Community is people helping and relying upon one another for mutual support and friendship, sharing ideas and resources to build and improve their quality of life. I am encouraged to see organizations such as Miburg, What’s Next Berkeley County, the Ward 2 Neighborhood Association, and others, both new and long established, like Main Street Martinsburg, working along similar lines. Solutions will come from the bottom up. We just have to listen to and encourage one another and make it happen.
What would you say is the biggest issue facing your position today?
The biggest long-term issue for Martinsburg is economic development and revitalization. This is at the root of the more immediate and palpable problems we now face, such as the heroin epidemic, prostitution, vacant business and industrial properties, broken families, and poorly maintained housing, especially some rental properties. Economic development can bring the investment needed to restore and reuse our wonderful historic assets and bring hope and opportunity to city residents.
What do you think is one solution to this issue?
The city needs to consistently demonstrate it is willing and able to change, and needs to make being business-friendly a top priority. Wherever paperwork and processing impedes or discourages economic activity, it should be overhauled to be customer-friendly. We’ve seen some of this put in practice recently in making it easier for vendors at events to pay the B&O tax.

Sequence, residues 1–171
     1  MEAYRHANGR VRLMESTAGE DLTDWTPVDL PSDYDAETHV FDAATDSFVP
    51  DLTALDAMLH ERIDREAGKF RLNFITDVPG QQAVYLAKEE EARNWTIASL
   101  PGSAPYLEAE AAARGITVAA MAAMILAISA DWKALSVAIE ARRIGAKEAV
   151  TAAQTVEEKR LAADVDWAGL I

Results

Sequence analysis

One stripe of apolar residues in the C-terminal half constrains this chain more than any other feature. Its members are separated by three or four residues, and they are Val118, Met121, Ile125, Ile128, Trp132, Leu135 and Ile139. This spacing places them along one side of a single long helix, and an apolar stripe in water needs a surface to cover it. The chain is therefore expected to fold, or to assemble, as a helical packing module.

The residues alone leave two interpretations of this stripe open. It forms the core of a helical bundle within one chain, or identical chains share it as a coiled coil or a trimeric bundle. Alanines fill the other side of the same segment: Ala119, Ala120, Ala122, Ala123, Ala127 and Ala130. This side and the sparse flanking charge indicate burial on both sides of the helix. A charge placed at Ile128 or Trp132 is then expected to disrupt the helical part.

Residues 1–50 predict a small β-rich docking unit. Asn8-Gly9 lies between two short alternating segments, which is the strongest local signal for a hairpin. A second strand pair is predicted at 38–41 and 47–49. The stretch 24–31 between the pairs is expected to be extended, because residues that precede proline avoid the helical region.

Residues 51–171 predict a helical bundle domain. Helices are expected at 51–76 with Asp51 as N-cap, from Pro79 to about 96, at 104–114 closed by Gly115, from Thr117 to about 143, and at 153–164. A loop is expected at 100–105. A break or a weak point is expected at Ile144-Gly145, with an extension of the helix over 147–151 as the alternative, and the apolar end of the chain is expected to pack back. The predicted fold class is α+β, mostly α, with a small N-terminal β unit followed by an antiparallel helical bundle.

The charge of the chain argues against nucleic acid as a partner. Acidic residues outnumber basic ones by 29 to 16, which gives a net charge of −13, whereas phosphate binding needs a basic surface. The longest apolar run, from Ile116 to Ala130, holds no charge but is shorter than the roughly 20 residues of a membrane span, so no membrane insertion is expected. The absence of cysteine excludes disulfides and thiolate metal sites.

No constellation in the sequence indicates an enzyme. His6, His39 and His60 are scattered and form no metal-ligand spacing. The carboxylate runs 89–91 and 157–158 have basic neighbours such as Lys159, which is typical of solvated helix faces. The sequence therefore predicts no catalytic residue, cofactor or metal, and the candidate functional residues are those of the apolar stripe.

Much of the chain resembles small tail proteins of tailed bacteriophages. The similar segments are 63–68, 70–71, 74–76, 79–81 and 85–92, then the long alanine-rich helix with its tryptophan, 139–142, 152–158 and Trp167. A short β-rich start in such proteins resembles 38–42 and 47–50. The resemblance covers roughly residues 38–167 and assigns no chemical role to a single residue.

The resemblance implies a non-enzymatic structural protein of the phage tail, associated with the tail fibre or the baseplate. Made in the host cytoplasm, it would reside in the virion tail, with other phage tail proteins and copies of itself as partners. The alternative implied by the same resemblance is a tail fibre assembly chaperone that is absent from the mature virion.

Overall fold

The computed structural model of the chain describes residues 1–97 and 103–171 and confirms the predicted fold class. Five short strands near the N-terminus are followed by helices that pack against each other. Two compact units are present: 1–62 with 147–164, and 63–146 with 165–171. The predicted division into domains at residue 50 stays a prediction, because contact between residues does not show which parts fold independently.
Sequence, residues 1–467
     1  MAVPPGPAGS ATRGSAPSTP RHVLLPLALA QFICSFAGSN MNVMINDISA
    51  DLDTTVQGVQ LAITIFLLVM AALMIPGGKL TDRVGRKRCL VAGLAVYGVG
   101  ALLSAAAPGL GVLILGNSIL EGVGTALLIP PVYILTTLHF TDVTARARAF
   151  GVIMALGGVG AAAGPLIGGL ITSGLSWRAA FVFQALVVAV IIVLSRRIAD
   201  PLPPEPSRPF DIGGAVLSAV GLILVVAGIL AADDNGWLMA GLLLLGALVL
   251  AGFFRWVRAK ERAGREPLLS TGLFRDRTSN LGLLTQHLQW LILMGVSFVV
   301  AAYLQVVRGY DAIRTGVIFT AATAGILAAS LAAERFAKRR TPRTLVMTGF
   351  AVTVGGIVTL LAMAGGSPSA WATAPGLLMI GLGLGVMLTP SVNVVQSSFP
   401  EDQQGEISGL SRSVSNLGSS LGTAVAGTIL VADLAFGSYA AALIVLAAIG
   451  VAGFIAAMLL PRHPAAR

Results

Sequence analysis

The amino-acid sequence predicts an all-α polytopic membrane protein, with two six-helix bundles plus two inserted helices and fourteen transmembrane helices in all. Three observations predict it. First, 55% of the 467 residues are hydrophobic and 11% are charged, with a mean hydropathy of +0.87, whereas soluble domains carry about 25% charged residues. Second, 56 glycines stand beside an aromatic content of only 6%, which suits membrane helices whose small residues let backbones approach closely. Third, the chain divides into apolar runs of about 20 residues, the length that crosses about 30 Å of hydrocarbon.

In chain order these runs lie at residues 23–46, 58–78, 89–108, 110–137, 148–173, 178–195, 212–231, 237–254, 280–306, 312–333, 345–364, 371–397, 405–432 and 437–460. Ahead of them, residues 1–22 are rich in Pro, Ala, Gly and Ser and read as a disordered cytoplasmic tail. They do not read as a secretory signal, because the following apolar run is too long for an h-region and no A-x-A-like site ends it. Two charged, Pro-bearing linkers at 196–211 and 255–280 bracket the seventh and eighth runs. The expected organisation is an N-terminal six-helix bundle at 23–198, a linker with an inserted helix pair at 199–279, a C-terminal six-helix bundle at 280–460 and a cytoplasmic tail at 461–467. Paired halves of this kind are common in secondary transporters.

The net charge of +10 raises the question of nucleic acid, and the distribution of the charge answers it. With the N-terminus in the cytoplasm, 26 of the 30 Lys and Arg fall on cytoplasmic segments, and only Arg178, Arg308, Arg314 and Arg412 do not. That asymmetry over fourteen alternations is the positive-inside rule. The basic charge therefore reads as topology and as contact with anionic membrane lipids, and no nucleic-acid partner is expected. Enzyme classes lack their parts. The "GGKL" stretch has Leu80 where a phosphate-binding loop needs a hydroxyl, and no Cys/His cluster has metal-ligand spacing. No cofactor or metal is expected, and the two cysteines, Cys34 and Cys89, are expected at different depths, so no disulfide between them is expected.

What do you want people to know about you?
Please see my biography page on my web site, www.VoteHaarberg.com.
What is your vision for the future of West Virginia?
The Eastern Panhandle is geographically advantaged in proximity to Washington, DC and east coast transportation routes, and the fastest growing part of the state, so one thing we will see is more population, more economic activity, and more Eastern Panhandle influence in Charleston, similar to the way northern Virginia has become a powerhouse of Virginia. Martinsburg is at the heart of this Eastern Panhandle powerhouse, and we need to capitalize on the opportunities this presents.
Although coal extraction has been the single most important industry in the state for generations, the rise of the Eastern Panhandle, which has no coal and traditionally had farms and orchards, will be another sign of the natural gradual decline of coal in importance. Coal is not a renewable resource, and we will not be able to build long-term economic progress by digging deeper mines or removing more mountaintops. We also cannot continue to export our educated youth along with our coal.
If we want a glimpse of our potential distant future, we should look at what we have in our favor as if there were no coal in the ground, because eventually, there won’t be. We have natural beauty, good water sources (if we protect them), good location in the Mid-Atlantic, moderate weather, and some good farm land. New cash crops or truck farming, tourism, technology, and education (University of West Virginia – Martinsburg?) come to mind. The DC suburbs have been moving westward, and I hope we can capture some of that suburban industry and economic development along with the population and residential subdivisions.
You can learn more about David on his website, www.VoteHaarberg.com.